Why Do We Baptize in the Name of the Holy Trinity and Not in the Name of Jesus?

As you read and re-read the Book of Acts, you will find similar expressions here and there: “[B]e baptized every one of you in the name of Jesus Christ for the remission of sins” (Acts 2:38), “For as many of you as have been baptized into Christ have put on Christ” (Galatians 3:27), “And he commanded them to be baptized in the name of the Lord” (Acts 10:48) and so on. There are many similar verses that speak of baptism in the name of Jesus. So, did the first Christians and the apostles themselves perform the Sacrament of Baptism by invoking the name of Jesus and not the name of the Holy Trinity, as the Lord had expressly commanded before His Ascension? Why then does the Orthodox Church, as well as the Catholic Church and many other denominations, not recognize the validity of baptisms in the name of Jesus, such as those performed by Oneness Pentecostals and other liberal Evangelicals? Let us present a few of our main arguments.

I. In the Name of Jesus Means in the Name of the Trinity. The whole “problem” of baptism in the name of Jesus is based on the premise that the phrase “in the name of Jesus” is a baptismal formula. Is it, though? There is nothing to suggest it. It is clearly stated in Chapter 19, verse 5 of the Book of Acts that the phrase “baptized in the name of the Lord Jesus” does not describe a baptismal formula, but rather refers to a baptism in the Christian Church, with its fullness of truth and faith in the risen Messiah, as opposed to the baptism of John, which was performed for the purpose of repentance, but did not beget eternal life. Thus, baptism in the name of Jesus means being baptized in the Christian Church, under the condition of confessing Jesus as the Son of God, the only begotten One of the Father. It was this kind of baptism that bestowed the Holy Spirit on the new believer.

II. Exegetical Argument. In order to fully appreciate this argument, one has to understand the meaning of the word “name” in the Biblical sense. This word can encompass such concepts as “authority”, “rank”, “power”, “might”, “force” and so on. Therefore, the phrase Even the devils are subject unto us through thy name (Luke 10:17) can be interpreted and conceptualized in terms of demons obeying Jesus’s authority. Secondly, we can answer this question by looking at some peculiarities of the Greek language. Thus, in Ancient Greek, “to be baptized in the name of Jesus Christ” would rather sound like “to be baptized by faith in Jesus” or “to be baptized by confessing faith in Jesus”. The exegetical argument may not be to everyone’s liking, but it makes it clear that there are ideas based on just one interpretation of the text, rather than on its sole meaning.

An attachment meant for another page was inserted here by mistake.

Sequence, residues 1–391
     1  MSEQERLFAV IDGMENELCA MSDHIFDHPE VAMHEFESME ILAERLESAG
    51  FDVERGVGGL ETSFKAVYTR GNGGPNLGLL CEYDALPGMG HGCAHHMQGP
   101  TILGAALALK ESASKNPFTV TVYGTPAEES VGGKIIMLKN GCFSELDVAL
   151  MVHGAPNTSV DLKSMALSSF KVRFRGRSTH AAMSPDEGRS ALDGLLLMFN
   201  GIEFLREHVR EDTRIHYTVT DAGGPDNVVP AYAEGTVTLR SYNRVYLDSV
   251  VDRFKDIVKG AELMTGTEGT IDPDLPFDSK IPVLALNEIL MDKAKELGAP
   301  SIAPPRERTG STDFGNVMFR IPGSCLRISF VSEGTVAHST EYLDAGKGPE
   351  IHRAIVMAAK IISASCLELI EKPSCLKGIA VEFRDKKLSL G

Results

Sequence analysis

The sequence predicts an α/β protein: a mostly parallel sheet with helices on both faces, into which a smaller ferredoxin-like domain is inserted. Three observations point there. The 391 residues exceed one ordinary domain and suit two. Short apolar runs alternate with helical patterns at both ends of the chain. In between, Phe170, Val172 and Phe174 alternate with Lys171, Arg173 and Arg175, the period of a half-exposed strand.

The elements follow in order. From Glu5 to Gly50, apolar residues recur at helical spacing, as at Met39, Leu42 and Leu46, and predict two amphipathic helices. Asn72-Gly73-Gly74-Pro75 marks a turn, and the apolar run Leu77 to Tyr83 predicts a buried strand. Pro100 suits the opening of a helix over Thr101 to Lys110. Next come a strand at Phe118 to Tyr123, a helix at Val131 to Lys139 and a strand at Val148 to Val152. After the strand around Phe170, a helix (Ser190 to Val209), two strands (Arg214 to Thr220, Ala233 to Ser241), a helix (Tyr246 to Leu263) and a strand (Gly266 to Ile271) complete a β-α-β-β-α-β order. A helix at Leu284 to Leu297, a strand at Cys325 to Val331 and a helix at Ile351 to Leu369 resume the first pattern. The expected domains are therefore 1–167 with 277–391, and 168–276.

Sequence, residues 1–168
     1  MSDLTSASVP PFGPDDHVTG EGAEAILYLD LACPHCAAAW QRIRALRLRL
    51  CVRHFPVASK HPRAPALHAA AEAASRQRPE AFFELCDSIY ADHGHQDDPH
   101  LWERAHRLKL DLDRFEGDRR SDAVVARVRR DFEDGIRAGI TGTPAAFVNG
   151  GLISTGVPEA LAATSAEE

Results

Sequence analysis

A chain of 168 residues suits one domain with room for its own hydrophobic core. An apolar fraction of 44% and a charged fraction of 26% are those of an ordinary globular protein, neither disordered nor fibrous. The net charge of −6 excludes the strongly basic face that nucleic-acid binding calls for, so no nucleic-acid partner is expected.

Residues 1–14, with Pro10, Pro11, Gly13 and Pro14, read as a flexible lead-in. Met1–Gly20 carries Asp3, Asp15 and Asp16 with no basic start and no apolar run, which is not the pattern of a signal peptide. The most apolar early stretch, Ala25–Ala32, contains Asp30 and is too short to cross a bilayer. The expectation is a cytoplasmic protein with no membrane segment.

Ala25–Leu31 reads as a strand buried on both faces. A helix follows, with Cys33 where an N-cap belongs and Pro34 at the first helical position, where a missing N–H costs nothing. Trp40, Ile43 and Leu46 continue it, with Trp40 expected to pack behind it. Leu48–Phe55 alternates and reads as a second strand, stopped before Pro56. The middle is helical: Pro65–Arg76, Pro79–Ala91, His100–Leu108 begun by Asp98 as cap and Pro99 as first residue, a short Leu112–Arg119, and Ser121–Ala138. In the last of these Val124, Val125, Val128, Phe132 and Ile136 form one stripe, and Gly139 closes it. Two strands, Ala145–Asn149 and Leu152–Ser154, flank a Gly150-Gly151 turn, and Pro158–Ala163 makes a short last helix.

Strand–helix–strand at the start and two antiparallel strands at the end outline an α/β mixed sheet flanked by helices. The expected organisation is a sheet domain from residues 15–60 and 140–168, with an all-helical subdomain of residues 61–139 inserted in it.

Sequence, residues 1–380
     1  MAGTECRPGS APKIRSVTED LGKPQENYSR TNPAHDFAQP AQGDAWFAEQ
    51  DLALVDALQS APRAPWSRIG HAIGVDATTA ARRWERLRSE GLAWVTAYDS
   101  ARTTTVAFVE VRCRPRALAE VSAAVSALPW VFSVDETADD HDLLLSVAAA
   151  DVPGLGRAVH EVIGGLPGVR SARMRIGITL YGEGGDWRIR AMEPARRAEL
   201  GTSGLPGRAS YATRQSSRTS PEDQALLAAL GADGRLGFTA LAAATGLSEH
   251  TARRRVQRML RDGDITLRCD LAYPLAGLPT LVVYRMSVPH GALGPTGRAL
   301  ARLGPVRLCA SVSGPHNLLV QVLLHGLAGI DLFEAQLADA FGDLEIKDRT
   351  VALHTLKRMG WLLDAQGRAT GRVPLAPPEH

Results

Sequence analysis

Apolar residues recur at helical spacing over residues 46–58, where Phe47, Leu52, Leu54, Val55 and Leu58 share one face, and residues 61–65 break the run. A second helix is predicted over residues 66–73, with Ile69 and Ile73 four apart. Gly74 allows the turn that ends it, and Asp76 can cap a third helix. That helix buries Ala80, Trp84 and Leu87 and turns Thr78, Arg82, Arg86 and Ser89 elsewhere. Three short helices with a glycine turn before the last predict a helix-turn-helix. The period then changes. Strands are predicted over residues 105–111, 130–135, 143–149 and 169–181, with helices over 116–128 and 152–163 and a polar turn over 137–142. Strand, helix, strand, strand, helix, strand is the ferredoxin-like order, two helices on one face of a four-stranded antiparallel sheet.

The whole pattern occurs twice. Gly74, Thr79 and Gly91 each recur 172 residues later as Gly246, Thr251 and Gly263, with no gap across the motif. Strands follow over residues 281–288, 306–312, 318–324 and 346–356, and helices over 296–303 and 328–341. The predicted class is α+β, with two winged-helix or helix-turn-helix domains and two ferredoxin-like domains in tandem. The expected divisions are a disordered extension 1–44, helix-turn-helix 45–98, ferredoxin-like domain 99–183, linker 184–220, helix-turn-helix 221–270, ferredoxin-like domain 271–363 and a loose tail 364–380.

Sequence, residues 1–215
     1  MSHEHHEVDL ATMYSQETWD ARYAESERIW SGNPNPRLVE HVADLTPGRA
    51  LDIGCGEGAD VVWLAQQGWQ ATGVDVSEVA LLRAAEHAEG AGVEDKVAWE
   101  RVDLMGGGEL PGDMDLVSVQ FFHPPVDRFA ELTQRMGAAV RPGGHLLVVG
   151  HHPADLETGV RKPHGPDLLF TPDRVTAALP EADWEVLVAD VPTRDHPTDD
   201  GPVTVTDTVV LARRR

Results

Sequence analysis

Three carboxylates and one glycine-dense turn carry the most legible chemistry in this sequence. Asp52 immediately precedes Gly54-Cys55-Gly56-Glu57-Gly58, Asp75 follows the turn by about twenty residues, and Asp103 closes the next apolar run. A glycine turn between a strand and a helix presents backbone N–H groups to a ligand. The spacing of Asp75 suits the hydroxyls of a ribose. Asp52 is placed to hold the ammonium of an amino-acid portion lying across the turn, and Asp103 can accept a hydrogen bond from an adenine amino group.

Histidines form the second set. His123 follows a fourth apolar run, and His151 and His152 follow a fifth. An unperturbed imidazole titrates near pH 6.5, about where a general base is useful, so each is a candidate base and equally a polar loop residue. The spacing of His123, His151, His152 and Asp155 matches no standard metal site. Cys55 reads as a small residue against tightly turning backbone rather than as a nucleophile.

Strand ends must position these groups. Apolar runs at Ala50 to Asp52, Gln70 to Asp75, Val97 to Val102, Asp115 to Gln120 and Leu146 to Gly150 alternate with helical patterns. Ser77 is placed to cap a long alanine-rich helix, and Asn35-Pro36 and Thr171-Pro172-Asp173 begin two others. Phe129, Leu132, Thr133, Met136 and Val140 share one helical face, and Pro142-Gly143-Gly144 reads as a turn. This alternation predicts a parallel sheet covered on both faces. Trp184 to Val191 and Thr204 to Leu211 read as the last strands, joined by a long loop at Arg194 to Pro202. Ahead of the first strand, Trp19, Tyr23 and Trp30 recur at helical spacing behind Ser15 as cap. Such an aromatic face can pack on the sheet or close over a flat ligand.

III. The Original Belief in the Trinity and the Savior’s Instruction. The last words of the Son of God to His disciples and apostles were, Go ye therefore, and teach all nations, baptizing them in the name of the Father, and of the Son, and of the Holy Ghost (Matthew 28:19). It would be implausible to imagine that the apostles could perform the Sacrament of Baptism in any other way and violate the direct order of the Savior that was given as his final will, and at such a solemn and holy moment. From the very beginning of its existence, the Holy Church confessed its faith in the Holy Trinity and faithfully upheld this Divine Revelation of the Triune God, which Jesus Christ Himself had given to us. Therefore, when the apostles spoke of baptism in the name of Jesus, they meant nothing other than baptism in the name of the Trinity. The Lord Jesus is inseparable from the Father and the Holy Spirit, and therefore the baptism that the Head of the Church commanded to perform was a gift of the grace of Jesus, the love of God the Father, and the communion of the Holy Spirit to the baptized person (cf. 2 Corinthians 13:13).

IV. Early Tradition. Evidence of baptism in the name of the Holy Trinity has been preserved in the most ancient and authoritative Christian documents. The Didache (a Christian catechism written around the end of the 1st century), which for some time was even considered to be a part of the Bible canon, contains the following words, “As for baptism, baptize as follows: after you have presented all these things in advance, baptize in the name of the Father, the Son, and the Holy Spirit in fresh water” (Chapter VII, 1). Justin Martyr (†165) writes, “Then we take them to a place where there is water and they are… washed with water in the name of God the Father and the Lord of all things, our Savior Jesus Christ, and the Holy Spirit” (Apology II:61). Also in the Apostolic Tradition of St. Hippolytus of Rome (†235) we read about a triple immersion and confession of faith in the Holy Trinity. Apparently, these are the earliest records concerning the practice of baptism in the Apostolic Church.

Thus, the Church baptized in the name of the Holy Trinity since the very first years of its existence. Could the apostles really baptize in the name of Jesus? We have provided some arguments against this opinion, but presumably they could do both in the first Christian era, confessing Christ as the Son of God and professing the Trinity of the One God. Essentially, baptism is about the union with Christ who died and rose from the dead, about the knowledge of God the Father, and about the fellowship with the Holy Spirit; it should not be reduced to a mere statement. By contrast, our contemporary proponents of a single immersion in the name of Jesus defend their practice, which is not shared by the Church, by denying the Holy Trinity and thereby distorting the main mystery of the Christian faith revealed to us by the Savior.

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